A Car Can Go Faster

This morning Steve left the following link in the comment section:
Jaron Lanier: ‘The danger isn’t that AI destroys us. It’s that it drives us insane’ | The Guardian

You come for Lanier’s analysis of AI…

Lanier doesn’t even like the term artificial intelligence, objecting to the idea that it is actually intelligent, and that we could be in competition with it. “This idea of surpassing human ability is silly because it’s made of human abilities.” He says comparing ourselves with AI is the equivalent of comparing ourselves with a car. “It’s like saying a car can go faster than a human runner. Of course it can, and yet we don’t say that the car has become a better runner.”

and you stay for his analysis of Twitter:

As for Twitter, he says it has brought out the worst in us. “It has a way of taking people who start out as distinct individuals and converging them into the same personality, optimized for Twitter engagement. That personality is insecure and nervous, focused on personal slights and affronted by claims of rights by others if they’re different people. The example I use is Trump, Kanye and Elon [Musk, who now owns Twitter]. Ten years ago they had distinct personalities. But they’ve converged to have a remarkable similarity of personality, and I think that’s the personality you get if you spend too much time on Twitter. It turns you into a little kid in a schoolyard who is both desperate for attention and afraid of being the one who gets beat up. You end up being this phoney who’s self-concerned but loses empathy for others.”

This is what my hope is as well:

There is also huge potential, he says, for AI to help us tackle climate change, and save the planet.

Great article. Thanks Steve

Darwin Award

Lawyer Dies After Shot By His Own Concealed Gun Triggered By MRI Scanner

COVID isn’t a cold

In photos of 2023’s World Economic Forum- or Davos as it is commonly called, after the Swiss resort town where it annually occurs- you might not notice the HEPA filters. They’re in the background, unobtrusive and unremarked upon, quietly cleansing the air of viruses and bacteria. You wouldn’t know- not unless you asked- that every attendee was PCR tested before entering the forum, or that in the case of a positive test, access was automatically, electronically, revoked. The folks on stage aren’t sporting masks (mostly), so unless you looked at the official Davos Health & Safety protocol, you wouldn’t be aware that their on-site drivers are required to wear them. You also might be surprised to learn that if, at any point, you start to feel ill at Davos, you can go collect a free rapid test, or even call their dedicated COVID hotline.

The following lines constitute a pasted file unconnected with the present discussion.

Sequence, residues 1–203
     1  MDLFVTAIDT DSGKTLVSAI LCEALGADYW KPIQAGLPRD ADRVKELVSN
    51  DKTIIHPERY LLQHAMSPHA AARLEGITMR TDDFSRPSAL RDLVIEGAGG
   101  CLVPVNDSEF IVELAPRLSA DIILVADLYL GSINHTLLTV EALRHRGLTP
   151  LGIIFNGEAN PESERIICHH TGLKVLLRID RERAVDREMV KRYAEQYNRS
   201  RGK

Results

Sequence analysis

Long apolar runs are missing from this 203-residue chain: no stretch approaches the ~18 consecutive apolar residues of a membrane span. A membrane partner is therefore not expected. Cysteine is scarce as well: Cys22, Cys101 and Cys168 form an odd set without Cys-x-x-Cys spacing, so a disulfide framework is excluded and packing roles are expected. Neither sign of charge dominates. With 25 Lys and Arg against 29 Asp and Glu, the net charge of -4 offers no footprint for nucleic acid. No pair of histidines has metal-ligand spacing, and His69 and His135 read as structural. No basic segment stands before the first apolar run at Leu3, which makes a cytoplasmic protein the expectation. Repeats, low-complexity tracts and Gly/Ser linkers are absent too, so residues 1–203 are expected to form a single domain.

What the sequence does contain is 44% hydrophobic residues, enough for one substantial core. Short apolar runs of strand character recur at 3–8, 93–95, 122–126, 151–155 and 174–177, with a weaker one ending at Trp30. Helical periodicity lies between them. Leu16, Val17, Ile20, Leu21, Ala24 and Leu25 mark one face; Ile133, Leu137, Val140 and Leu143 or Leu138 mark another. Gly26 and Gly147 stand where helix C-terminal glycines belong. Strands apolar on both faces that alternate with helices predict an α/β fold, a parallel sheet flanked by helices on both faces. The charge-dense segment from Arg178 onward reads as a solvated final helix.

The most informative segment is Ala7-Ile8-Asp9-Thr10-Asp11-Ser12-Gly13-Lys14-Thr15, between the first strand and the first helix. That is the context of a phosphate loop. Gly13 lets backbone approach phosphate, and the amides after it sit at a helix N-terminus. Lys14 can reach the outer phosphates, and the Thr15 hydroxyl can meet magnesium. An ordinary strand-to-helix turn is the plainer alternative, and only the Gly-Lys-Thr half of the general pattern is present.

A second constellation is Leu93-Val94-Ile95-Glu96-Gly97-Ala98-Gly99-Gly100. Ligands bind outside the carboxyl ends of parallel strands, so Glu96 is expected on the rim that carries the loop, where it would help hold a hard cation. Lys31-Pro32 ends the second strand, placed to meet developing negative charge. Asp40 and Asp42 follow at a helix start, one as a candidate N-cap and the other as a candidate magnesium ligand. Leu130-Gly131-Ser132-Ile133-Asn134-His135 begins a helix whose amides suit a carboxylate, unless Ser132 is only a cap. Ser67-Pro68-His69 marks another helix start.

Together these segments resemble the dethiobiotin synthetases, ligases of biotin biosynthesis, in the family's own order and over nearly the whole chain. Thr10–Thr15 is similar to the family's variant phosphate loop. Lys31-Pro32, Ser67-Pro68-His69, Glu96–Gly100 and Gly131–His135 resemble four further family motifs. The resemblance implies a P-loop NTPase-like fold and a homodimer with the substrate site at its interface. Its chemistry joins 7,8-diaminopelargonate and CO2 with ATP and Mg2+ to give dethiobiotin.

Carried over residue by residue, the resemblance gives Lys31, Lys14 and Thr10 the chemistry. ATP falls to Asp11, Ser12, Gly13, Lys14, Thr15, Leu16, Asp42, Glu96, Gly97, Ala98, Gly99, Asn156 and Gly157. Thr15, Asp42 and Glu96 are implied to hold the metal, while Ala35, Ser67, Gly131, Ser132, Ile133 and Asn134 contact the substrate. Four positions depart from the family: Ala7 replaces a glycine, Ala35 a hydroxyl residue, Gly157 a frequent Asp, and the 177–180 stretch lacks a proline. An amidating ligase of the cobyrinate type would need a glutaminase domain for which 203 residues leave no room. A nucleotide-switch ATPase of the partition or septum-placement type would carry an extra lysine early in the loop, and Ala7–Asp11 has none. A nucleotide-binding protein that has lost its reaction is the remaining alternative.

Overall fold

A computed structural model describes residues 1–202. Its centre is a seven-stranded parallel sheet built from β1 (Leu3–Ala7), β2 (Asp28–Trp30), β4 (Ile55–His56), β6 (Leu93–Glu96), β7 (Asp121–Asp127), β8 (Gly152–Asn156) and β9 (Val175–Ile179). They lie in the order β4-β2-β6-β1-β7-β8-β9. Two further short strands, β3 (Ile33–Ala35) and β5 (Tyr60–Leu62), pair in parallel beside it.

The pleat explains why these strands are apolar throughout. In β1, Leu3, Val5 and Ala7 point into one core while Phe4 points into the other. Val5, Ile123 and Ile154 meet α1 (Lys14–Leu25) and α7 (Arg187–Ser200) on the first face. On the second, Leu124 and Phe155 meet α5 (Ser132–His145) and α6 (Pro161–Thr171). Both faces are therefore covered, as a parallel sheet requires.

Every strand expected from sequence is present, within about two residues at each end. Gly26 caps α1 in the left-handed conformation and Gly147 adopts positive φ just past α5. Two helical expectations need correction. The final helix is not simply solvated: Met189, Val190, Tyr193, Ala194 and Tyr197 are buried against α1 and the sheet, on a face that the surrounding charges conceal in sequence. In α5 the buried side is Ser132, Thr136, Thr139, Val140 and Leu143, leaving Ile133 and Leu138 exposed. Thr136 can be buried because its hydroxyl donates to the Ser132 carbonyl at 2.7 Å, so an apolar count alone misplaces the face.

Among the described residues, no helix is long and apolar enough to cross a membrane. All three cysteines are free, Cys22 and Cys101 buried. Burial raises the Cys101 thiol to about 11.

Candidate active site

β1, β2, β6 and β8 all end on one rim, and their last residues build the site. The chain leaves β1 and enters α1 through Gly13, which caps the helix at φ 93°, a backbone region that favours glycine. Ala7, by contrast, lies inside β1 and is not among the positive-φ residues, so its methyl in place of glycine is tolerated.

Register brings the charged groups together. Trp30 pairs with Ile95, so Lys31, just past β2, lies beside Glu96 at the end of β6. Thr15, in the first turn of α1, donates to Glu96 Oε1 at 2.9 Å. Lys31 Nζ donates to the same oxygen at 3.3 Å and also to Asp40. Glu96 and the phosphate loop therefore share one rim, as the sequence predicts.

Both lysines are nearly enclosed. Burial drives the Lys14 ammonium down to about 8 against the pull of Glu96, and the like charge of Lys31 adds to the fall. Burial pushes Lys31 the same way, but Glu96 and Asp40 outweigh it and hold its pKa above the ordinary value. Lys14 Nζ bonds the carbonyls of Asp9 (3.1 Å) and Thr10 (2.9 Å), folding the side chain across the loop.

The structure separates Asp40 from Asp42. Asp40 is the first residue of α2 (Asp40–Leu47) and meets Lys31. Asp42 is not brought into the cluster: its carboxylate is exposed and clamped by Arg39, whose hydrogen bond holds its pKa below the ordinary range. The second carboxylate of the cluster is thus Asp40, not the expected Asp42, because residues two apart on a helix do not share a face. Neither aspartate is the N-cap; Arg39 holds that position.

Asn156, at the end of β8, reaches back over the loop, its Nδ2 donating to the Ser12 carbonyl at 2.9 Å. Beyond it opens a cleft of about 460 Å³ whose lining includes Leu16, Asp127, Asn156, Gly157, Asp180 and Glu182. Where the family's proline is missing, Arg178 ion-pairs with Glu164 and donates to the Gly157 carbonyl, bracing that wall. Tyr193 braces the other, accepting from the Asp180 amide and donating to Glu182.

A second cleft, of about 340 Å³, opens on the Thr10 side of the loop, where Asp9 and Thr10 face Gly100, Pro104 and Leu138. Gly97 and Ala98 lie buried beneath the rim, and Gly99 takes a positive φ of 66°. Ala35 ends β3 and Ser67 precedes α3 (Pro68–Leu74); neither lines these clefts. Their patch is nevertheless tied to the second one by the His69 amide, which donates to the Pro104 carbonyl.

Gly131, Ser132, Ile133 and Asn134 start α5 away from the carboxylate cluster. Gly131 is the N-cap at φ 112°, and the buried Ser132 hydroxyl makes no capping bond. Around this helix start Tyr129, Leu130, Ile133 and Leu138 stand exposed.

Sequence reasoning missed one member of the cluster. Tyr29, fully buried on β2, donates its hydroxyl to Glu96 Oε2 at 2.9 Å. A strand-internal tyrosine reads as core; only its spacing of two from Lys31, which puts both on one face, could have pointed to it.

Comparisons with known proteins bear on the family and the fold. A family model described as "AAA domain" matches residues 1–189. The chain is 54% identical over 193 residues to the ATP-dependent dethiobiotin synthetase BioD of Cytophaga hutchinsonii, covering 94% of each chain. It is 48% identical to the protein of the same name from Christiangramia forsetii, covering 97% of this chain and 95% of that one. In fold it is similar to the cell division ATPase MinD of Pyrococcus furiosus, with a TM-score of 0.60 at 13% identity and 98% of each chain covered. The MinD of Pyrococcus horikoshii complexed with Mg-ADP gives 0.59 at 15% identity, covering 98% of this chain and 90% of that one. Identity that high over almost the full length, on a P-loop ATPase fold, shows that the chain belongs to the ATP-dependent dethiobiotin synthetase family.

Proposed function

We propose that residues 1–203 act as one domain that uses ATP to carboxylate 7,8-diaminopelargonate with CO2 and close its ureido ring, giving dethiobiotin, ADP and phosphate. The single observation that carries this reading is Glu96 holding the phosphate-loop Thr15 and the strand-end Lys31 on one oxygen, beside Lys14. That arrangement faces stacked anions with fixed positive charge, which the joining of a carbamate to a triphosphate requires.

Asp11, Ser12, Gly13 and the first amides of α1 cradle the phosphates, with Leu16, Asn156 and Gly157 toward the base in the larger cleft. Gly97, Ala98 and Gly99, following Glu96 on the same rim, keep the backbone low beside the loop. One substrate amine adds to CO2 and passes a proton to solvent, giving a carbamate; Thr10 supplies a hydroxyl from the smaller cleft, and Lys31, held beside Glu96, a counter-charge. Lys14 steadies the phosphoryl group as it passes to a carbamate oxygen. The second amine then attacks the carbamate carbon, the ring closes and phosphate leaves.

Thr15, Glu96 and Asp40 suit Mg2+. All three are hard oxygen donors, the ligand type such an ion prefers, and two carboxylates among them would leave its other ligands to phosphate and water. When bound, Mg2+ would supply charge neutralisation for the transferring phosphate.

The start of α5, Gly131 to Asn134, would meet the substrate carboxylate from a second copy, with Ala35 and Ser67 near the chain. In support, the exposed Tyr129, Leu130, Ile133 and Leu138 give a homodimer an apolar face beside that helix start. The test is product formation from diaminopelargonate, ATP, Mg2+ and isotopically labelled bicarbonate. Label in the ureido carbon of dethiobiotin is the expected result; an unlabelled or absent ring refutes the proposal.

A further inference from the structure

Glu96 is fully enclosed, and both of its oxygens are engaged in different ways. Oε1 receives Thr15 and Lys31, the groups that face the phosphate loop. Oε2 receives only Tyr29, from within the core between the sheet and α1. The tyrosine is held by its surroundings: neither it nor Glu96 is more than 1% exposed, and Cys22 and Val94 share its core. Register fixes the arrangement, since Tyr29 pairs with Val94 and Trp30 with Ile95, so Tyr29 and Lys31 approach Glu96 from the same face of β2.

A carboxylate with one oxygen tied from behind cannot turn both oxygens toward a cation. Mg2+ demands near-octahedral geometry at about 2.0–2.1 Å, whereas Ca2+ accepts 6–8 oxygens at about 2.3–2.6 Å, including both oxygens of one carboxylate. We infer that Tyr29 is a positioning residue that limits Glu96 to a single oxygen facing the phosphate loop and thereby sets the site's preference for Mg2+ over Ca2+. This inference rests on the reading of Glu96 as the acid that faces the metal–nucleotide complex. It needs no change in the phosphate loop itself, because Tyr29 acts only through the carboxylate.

Billionaires at Davos don’t think COVID is a cold

Almost gives a person the feeling that COVID has been downplayed intentionally in order to get the economy going and creating profits for the people who are meeting in Davos? Or am I too cynical.


I love RSS, Real Simple Syndication (Wikipedia) and prefer looking at my own list of RSS feeds over reading what an algorythm thinks I should read – which is also one of the reasons why I am not on Facebook or Instagram and am no longer active on Twitter. Finding feeds for blogs that might interest you has become easier with this handy directory that shows a collection of 1219 blogs about every topic. If you have a Mac or an iPhone or iPad, have a look at this excellent RSS Reader app. It’s been around forever, in Internet years, it’s free, and I think it is excellent. Go ahead, curate your own news. You’ll feel better!

ooh.directory is a place to find good blogs that interest you.
Find out more…



Researchers discover two new minerals on meteorite grounded in Somalia | Chemistry | The Guardian:

The meteorite, the ninth largest recorded at over 2 metres wide, was unearthed in Somalia in 2020, although local camel herders say it was well known to them for generations and named Nightfall in their songs and poems.

Western scientists, however, dubbed the extraterrestrial rock El Ali because it was found near the town of El Ali, in the Hiiraan region. A 70-gram slice of the iron-based meteorite was sent to the University of Alberta’s meteorite collection for classification.

Nightfall… I love that name. Nightfall, Somalia… it’s a piece of music, I am sure.

I read that local pastoralists were aware of the rock for between five and seven generations, and it featured in songs, folklore, dances, and poems. Now, however the future of the meteorite is uncertain as it has been shipped to China, presumably for sale. Somehow I don’t think the local pastoralists will get anything out of this. And they can no longer point at Nightfall when kids ask about the song.